A new Supercars era is about to get underway.
The Gen3 ruleset will debut in the 2023 season, as the touring series undergoes one of the largest changes in its history.
Following Holden’s withdrawal from the competition last year, the Chevrolet Camaro and Ford Mustang will be the two cars of choice for this campaign.
The Sporting News takes a look at the new Gen3 design and ruleset.
Gen3 Supercars design
Both the Camaro and Mustang are noticeably different from the current Gen2 design, with greater similarity to their ‘road-going equivalents’.
The 2023 cars have been crafted “with an eye on increased road relevance and improved racing,” according to Supercars.com.
The design is similar to that of a two-door muscle car, combined with a clean-sheet chassis configuration.
Take a look at the Gen3 Mustang in action at last year’s Bathurst 1000 below:
Gen3 Supercars specifications
Gen3 marks the biggest change to the Australian racing series since the implementation of V8-powered Commodores and Ford Falcons in the 1990s.
To ensure the new cars act more like road cars, Supercars are aiming to reduce downforce by more than 65 per cent.
This will also place more weight on a driver’s skill and lead to more overtaking opportunities.
The first proper Gen3 Supercar has finally broken cover! 😍 #RepcoSC pic.twitter.com/mJq5l7t7PC
— Motorsport.com (@Motorsport) February 1, 2023
There is also significant change when it comes to engine capacity – gone are the days of 5.0 litre V8 engines.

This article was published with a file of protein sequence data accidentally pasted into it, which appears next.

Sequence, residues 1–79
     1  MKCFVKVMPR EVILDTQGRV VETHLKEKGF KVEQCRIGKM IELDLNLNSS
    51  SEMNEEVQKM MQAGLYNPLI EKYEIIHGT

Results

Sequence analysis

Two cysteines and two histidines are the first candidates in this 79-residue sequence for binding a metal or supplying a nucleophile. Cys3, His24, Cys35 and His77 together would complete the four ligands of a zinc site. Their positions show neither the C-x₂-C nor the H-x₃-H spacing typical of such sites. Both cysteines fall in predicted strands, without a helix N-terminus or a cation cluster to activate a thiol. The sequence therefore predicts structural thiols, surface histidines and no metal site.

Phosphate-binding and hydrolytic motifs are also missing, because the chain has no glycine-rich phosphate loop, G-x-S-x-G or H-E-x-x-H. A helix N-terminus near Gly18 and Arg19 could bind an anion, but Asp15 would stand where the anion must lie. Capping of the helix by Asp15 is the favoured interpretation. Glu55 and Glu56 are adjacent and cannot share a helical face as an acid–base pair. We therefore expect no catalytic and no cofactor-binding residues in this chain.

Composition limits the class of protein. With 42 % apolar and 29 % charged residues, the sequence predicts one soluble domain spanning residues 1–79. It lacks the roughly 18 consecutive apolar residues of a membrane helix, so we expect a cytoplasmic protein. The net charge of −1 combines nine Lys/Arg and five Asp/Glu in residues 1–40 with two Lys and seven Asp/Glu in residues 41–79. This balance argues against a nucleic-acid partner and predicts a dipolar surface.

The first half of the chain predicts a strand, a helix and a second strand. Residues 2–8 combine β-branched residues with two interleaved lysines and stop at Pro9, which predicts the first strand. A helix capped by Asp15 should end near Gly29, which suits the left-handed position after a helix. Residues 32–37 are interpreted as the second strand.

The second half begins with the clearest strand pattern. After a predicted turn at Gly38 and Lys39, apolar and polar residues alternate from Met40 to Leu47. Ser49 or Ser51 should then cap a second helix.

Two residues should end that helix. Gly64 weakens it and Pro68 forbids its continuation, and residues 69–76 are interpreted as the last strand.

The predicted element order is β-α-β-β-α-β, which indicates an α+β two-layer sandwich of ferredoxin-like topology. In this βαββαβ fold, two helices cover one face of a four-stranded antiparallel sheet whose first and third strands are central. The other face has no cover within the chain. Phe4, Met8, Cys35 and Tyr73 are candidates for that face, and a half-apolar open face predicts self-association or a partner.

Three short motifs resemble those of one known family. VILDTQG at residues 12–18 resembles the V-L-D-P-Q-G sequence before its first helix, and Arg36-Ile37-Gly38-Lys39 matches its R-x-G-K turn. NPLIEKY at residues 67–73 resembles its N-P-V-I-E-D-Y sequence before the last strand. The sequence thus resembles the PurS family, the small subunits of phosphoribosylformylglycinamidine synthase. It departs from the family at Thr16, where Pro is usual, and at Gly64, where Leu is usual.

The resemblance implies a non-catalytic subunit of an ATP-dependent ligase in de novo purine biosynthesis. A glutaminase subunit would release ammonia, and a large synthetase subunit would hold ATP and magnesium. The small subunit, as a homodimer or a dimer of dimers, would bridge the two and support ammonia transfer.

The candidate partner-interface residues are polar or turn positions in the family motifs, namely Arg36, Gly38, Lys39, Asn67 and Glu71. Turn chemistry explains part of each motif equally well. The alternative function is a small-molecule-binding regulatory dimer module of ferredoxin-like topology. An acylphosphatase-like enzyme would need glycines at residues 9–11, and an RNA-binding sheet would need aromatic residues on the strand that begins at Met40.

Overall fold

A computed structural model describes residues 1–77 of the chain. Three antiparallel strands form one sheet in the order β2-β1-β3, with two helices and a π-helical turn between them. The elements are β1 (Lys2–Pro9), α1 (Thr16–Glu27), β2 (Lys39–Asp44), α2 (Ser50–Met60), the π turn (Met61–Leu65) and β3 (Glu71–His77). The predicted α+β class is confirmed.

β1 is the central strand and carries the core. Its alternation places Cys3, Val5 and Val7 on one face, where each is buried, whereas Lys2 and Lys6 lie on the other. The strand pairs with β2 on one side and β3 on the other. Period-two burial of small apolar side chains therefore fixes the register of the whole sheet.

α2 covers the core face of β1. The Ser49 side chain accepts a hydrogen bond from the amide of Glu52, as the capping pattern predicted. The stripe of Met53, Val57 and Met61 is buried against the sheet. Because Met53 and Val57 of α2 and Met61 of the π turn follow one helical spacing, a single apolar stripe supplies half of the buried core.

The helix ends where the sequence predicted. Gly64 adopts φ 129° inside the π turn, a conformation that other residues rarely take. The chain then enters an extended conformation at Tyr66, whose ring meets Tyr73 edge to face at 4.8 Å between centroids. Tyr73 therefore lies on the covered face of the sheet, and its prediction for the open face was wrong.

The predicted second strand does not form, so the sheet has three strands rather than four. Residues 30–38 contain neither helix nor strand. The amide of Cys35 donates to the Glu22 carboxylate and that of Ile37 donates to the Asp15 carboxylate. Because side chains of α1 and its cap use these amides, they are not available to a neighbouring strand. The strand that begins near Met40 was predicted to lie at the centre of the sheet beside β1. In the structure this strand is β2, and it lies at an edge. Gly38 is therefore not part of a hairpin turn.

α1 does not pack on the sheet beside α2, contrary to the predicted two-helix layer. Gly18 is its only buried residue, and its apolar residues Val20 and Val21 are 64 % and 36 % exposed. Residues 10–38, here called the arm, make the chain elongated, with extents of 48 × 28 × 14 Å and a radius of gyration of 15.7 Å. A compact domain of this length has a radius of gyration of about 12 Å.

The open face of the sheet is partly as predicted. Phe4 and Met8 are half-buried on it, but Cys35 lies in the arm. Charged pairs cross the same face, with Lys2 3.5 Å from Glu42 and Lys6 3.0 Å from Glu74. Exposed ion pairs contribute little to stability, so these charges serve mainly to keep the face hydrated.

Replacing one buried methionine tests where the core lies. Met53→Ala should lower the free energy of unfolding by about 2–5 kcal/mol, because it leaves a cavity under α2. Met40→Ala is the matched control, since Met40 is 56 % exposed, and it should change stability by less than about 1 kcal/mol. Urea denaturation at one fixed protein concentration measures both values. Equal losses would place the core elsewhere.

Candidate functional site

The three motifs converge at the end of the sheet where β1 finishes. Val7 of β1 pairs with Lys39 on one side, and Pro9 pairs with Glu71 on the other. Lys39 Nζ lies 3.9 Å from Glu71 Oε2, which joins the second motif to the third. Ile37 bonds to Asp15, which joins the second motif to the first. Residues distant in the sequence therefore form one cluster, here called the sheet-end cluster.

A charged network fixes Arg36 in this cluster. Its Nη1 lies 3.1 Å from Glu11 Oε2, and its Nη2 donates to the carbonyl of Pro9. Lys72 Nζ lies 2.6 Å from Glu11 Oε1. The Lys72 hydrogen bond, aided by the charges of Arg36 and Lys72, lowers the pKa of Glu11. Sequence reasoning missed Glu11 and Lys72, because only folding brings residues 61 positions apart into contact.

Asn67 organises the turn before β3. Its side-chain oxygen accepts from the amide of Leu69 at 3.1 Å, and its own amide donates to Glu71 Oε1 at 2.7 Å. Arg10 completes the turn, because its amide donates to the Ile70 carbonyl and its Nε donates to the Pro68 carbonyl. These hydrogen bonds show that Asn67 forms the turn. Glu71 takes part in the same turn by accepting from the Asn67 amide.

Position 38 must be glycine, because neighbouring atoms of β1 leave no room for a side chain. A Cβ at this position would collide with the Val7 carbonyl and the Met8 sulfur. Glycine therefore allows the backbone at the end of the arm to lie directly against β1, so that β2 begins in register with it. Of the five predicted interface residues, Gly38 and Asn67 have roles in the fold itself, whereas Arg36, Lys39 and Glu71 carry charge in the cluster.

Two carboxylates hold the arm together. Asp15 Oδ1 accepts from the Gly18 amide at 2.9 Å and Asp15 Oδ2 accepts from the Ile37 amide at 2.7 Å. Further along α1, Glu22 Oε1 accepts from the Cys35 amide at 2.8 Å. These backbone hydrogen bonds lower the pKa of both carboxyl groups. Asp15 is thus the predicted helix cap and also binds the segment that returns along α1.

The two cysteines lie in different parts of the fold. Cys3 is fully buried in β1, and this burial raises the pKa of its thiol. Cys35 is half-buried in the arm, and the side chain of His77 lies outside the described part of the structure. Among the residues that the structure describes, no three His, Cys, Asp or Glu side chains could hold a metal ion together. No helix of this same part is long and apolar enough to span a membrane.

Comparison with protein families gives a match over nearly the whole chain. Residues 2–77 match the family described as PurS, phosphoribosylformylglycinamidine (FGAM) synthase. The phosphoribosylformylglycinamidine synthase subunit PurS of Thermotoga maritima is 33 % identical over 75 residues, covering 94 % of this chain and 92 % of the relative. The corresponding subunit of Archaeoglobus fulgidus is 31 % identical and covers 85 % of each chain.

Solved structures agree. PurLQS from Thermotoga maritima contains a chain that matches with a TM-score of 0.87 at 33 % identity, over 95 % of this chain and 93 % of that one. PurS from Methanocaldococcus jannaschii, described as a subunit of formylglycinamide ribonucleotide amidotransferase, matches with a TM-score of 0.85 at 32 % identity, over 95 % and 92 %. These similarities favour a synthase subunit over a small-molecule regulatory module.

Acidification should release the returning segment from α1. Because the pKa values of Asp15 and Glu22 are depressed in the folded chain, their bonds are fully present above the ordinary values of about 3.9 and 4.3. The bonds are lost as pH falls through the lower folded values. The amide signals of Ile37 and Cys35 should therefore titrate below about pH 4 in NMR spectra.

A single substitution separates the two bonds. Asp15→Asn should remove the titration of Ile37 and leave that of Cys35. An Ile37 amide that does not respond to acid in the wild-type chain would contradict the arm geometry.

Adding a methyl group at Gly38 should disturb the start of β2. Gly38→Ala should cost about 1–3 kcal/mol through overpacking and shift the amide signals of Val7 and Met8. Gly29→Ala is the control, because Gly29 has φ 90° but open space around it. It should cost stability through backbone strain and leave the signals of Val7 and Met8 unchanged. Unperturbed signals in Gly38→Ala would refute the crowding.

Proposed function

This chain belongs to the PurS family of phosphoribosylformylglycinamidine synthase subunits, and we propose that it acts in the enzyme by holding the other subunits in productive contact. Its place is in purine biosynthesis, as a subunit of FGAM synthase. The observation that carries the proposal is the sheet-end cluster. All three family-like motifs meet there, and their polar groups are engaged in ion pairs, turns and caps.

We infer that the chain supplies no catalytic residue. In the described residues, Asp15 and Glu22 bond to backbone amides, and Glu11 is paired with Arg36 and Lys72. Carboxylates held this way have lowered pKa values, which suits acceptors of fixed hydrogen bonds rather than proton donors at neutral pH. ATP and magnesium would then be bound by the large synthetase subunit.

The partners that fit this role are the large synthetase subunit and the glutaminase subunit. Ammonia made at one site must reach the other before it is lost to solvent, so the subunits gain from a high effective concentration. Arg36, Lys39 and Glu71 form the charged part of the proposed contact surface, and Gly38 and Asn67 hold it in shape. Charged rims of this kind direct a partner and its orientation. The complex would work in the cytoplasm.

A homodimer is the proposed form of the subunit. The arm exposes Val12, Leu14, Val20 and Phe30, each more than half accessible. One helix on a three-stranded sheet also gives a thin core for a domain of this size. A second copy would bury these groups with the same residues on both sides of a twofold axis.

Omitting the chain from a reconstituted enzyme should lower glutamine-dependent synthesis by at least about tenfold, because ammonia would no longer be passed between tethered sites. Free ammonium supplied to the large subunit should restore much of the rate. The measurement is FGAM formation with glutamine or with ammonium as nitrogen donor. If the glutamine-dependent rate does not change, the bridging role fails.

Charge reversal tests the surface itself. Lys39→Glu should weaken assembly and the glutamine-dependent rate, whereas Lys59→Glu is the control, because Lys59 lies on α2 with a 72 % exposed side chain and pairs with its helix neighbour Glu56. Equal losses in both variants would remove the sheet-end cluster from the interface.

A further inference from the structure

The Camaro will run on a single camshaft General Motors engine, with two valves per cylinder.
Ford’s engine, on the other hand, features four camshafts with four valves per cylinder.
The stick shift gear system – which was a popular component of the Gen2 cars – will continue to feature in the new model.
Are Gen3 Supercars faster than Gen 2?
The Gen3 car is expected to reach a top speed similar to its predecessor.
Whilst the significant reduction of downforce suggests the new design would be faster, the engine adjustments will counteract that effect.
In fact, Supercars officials have made a deliberate effort to prevent cars from exceeding 300 km/h.
“We have always worked on the fact that we don’t want the cars going over 300 km/h down Conrod [Straight, at Mount Panorama],” Supercars head of motorsport Adrian Burgess told Speedcafe.com.
“So when we have targeted the downforce number that we believe we can get to and when we’ve worked on our projected minimum weight of the car, you also factor in where you would like to be in terms of manufacturers being able to bring a wider range of engine configurations to us.”
Supercars 2023 calendar and schedule
The 2023 Supercars season will begin in the Hunter, with the Newcastle 500 returning to the calendar after being removed in 2022 due to COVID-19 concerns.
Supercars will then race at the Formula 1 Australian Grand Prix, with a trip to Albert Park scheduled for late March/early April.
Notably, this season features multiple endurance races for the first time since 2019. Sandown has had its race length extended, and will take place in September.
The famous Bathurst 1000 will be held in its traditional early-October slot as the tenth race of the season.
Fresh off a five-year contract extension, the Adelaide 500 will then wrap up the 2023 campaign.
|Newcastle 500||March 10-12|
|Melbourne 400||March 30-April 2|
|Perth SuperSprint||April 28-30|
|Tasmania SuperSprint||May 19-21|
|Darwin Triple Crown||June 16-18|
|Townsville 500||July 7-9|
|Sydney SuperNight||July 28-30|
|The Bend SuperSprint||August 18-20|
|Sandown 500||September 15-17|
|Bathurst 1000||October 5-8|
|Gold Coast 500||October 27-29|
|Adelaide 500||November 23-26|